Seattle ‘showing a promising trend’ in revived homeless approach
It’s been pretty clear that Seattle’s approach to the homeless crisis hasn’t been good enough. The problem only got worse since a homeless emergency was declared in 2015.
Transparency and accountability are often questioned.
Last year, for the first time in a decade, the city started fresh by making all the agencies that receive money from the city for homeless programs and shelters re-bid for their contracts. That led to some losing contracts and others getting less money than they had before.
The city also declared new benchmarks agencies would have to meet to show success if they hoped to keep getting money, including showing they were moving more people into stable housing, lowering vacancies at shelters, and shortening the amount of time people stayed in them.
In the end, 39 agencies got a share of the $71 million the city’s Human Services Department has budgeted for 2018.
Last week, the department released a progress report on those homeless response investments for the first three months of 2018 compared to the same time period last year.
Meg Olberding with the Human Services Department says they like the trend they’re seeing in these initial numbers.
“And what you see with the first quarter numbers is that the agencies in town that we fund are indeed starting to get more people into housing or helping them maintain housing,” she said. “And another significant thing is we’re trying to prevent people from falling into homelessness and we have several projects underway to do that and we’ll be tracking those this year as well.”
The city invests in three main categories:
- Prevention — Homeless prevention services help people in homes that face imminent risk of becoming homeless from losing their housing with one-time financial assistance or case management.
- Emergency — Includes everything from outreach and engagement with people living on the streets, basic shelters, hygiene centers, transitional housing and enhanced shelters that offer more services and longer hours and, according to the city, are much better at getting people off the streets. In fact, in the first quarter of 2018, enhanced shelters got more than 20 percent of who used them out of homelessness; compared to just under 4 percent for basic shelters. Emergency response also includes tiny house villages. The city says its seven tent villages helped 17 percent of people in them find housing in the first three months of the year. That’s down about 1 percent from the year prior, but Olberding stressed human services has invested a lot in the management of the tent villages and adding services like case management, so they expect that number to get better as the year progresses.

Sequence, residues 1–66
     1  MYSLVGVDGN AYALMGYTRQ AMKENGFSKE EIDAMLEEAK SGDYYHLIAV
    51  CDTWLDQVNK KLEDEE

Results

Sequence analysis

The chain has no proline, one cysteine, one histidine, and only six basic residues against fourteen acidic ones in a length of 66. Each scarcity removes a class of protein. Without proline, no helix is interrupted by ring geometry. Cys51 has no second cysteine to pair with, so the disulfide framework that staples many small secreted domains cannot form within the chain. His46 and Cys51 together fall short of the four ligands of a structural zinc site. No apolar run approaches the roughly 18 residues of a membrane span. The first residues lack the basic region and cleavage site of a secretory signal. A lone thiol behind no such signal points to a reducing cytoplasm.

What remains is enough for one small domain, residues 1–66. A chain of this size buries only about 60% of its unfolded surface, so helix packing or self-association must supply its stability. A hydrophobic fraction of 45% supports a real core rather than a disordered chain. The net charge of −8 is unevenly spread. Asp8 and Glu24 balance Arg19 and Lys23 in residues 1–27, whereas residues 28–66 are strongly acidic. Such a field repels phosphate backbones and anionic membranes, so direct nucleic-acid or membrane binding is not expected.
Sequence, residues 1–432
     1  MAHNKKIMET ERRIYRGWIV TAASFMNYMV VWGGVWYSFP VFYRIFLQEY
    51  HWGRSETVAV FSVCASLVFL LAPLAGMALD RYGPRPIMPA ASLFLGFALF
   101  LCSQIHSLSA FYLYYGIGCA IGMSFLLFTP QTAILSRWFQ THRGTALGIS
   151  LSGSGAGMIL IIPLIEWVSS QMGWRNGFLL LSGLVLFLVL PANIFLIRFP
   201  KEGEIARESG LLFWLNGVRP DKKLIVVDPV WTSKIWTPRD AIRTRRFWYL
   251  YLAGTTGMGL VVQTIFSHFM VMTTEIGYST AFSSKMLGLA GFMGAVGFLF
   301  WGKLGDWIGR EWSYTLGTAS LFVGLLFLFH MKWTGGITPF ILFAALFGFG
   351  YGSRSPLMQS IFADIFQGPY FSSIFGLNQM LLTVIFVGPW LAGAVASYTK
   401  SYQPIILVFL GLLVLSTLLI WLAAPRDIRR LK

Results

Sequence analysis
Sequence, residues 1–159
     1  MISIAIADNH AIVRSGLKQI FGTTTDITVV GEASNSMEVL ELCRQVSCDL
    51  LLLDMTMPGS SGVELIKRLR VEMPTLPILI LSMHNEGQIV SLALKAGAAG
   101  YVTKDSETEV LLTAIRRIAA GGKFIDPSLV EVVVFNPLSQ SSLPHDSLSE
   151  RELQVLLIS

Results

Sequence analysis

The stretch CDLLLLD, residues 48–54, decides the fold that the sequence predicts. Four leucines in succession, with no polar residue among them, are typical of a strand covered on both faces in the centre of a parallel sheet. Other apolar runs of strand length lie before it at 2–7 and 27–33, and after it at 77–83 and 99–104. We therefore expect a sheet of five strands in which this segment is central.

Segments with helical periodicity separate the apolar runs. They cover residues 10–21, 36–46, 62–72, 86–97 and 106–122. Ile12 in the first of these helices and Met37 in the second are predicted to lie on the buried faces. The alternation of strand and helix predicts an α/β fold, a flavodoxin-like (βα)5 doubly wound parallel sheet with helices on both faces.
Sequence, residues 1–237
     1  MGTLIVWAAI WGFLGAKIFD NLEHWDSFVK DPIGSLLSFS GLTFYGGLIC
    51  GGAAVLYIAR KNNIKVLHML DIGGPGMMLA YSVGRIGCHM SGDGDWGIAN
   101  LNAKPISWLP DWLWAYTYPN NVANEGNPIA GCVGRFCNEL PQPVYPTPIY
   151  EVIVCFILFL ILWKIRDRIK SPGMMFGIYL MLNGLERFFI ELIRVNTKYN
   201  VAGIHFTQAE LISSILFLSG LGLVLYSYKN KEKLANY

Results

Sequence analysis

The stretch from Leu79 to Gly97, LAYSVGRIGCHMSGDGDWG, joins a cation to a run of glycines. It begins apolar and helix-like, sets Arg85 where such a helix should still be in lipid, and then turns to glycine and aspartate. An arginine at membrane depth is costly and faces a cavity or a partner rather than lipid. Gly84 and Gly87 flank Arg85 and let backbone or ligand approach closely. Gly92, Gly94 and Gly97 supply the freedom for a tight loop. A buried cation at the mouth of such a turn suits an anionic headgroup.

- Housing — Includes three services, all of them saw better numbers this year over last. The first is diversion services, which assists people into housing and avoid the shelter system by hooking them up with family, dealing with their landlord, or giving one-time money. That helped move 19 percent of people into housing this year compared to last year with a more than an 80 percent success rate.The second service is rapid rehousing, which helps people quickly get out of homelessness with rental assistance for up to a year, and also saw better results this year with 10 percent more people getting houses with a more than 80 percent success rate.
Finally, permanent housing, which usually involves single adults with medical issues who are chronically homeless who get services and housing permanently.
Overall, the city says just more than 3,000 households moved into permanent housing or were able to stay housed because of city investments in these programs — that’s more than double the number helped in the same period last year.
“This is early in the year but it’s showing a promising trend,” Olberding said. “We’re glad to see a lot of these programs are showing increases in the people they’re serving and while it’s early data — and we’ll certainly be monitoring it very closely — we’re hoping it continues to go in an upward trend to help more people.”